Blockchain technology is surely the future because it’s secure, reliable, and faster than any of the current technologies in works right now. A blockchain is a growing list of records, called blocks, which are linked using cryptography. Each block contains a cryptographic hash of the previous block, a time-stamp, and transaction data.
In this article, we are going to talk about the developments and implementations of Blockchain technology which is either proposed or happening in the Diamond industry right now.
To verify and trace natural diamonds using Blockchain technology
According to a recent report, Scientists have developed a new method based on blockchain technology to help verify and trace natural diamonds and fully guarantee their authenticity.
The researchers from the National University of Science and Technology in Russia mentioned that in a situation where natural, synthetic and fake stones exist in the diamond market, the system could protect the financial assets of market participants.
Modern synthetic diamonds are almost as good as natural diamonds in terms of quality and chemical composition. With these trends, gemologists often cannot distinguish a good synthetic diamond from a natural one. The solution proposed by Russian cryptographs and members of the Russian startup Bitcarat.com is a unique system of traceability of natural diamonds.
The system traces the entire history of the transfer of rights of individual stones, starting from the moment it is mined. Moreover, it is absolutely impossible to falsify this history.
According to the concept, while being mined, each natural diamond will be provided with a special digital code. This code will be entered into a distributed database, that is, a database that is stored by all market participants.
Next, the entire history of the transfer of rights to the stone will be blockchain-recorded, becoming 100 percent traceable. This guarantee will be provided by the very principle of blockchain — it is impossible to falsify this code because of its full transparency.
Accepting Digital Currency for secured and traceable payments
There are already a growing number of companies operating that accept digital currency as a form of payment from clients for diamond and jewelry purchases. Also, a lot of gem dealers has started to recognize the cryptocurrency as legal tender.
Every time a gemstone, jewelry component or full item of jewelry changes hands from one diamond online retailer to another engagement ring seller, the transfer of ownership or custody is recorded as another block in the chain.
De Beers currently is developing an industry-wide blockchain that will track gems each time they change hands starting from the moment they are first mined. The company has promised that it will be would be open to everyone in the business and would offer the potential for monitoring each stone. It said that it envisions having an unbiased third-party organization manage the project, and it will allow developers to build applications on top of it.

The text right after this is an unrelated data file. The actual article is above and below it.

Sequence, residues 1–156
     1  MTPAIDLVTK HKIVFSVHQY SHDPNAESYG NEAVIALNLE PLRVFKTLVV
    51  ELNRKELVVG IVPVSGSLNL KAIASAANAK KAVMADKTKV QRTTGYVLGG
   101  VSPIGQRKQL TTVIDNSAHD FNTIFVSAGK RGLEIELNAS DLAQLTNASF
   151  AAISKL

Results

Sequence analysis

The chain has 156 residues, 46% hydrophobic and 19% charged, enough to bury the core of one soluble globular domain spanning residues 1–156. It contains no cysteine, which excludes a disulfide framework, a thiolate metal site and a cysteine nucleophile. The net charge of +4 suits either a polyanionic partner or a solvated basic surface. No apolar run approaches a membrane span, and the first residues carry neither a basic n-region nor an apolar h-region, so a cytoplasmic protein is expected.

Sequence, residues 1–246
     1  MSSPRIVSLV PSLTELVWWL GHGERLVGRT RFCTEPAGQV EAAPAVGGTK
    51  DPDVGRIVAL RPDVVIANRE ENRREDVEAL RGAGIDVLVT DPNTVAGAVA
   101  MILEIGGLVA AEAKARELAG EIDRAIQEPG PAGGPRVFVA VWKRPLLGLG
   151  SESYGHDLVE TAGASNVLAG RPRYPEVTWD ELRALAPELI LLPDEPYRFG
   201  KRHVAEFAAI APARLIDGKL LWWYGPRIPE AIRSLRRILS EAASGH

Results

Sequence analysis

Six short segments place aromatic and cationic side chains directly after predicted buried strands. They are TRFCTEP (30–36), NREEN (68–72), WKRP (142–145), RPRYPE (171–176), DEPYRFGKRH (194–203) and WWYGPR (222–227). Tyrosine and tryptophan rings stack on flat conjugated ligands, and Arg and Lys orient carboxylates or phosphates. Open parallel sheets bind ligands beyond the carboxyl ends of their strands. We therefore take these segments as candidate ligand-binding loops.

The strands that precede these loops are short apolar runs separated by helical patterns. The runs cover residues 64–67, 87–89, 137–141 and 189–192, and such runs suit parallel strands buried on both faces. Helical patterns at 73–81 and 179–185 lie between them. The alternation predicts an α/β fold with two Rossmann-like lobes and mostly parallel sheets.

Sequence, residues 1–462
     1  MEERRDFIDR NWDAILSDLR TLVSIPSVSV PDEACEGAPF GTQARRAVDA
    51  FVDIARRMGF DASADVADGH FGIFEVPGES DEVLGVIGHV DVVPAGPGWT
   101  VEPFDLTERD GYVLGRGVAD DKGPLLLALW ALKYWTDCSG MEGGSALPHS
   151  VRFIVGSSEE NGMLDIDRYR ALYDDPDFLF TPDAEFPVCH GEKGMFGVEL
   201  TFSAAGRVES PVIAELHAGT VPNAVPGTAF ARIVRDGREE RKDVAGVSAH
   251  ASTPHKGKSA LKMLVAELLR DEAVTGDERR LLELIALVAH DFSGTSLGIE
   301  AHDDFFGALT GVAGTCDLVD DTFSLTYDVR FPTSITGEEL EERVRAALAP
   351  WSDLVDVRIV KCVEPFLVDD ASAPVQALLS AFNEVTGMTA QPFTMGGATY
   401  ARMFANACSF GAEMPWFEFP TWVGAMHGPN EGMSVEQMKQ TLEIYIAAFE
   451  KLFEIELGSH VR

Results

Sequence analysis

Other companies are also investigating Blockchain systems. They include Alrosa, which is reportedly also investigating a blockchain system with capabilities like those discussed by De Beers, and also the Canadian diamond miner Lucapa.
To keep track of the Diamonds
Blockchain also has also been proposed as means for keeping track of diamonds in the pipeline that is serving as collateral for loans issued by financial institutions to the industry, without having to remove them from the production process. This could provide a solution for the severe lack of bank financing that currently is being experienced by smaller and medium-sized diamond companies.
Last year, international diamond corporation De Beers announced plans for Tracr, the first industry-wide blockchain. Using the Ethereum platform, De Beers developed Tracr alongside Boston Consulting Group’s Digital Ventures and five leading diamond manufacturers.
Each stone is assigned a unique Global Diamond ID, a digital record that contains the stone’s key attributes, such as carat, clarity, and color. They’re logged onto an uneditable digital ledger, with Tracr verifying the data at each step of the supply chain. When a diamond makes it to a store, the retailer can then share this information with the consumer.
Diamond industry giants such as Signet, the world’s largest diamond retailer, and Alrosa, a Russian company that accounts for about 25% of global production, have since joined.
Blockchain, with its ability to replace the services of a third-party reference, allows for the development of independent financial systems. Blockchain has the potential to elevate the diamond industry in these consumers’ eyes.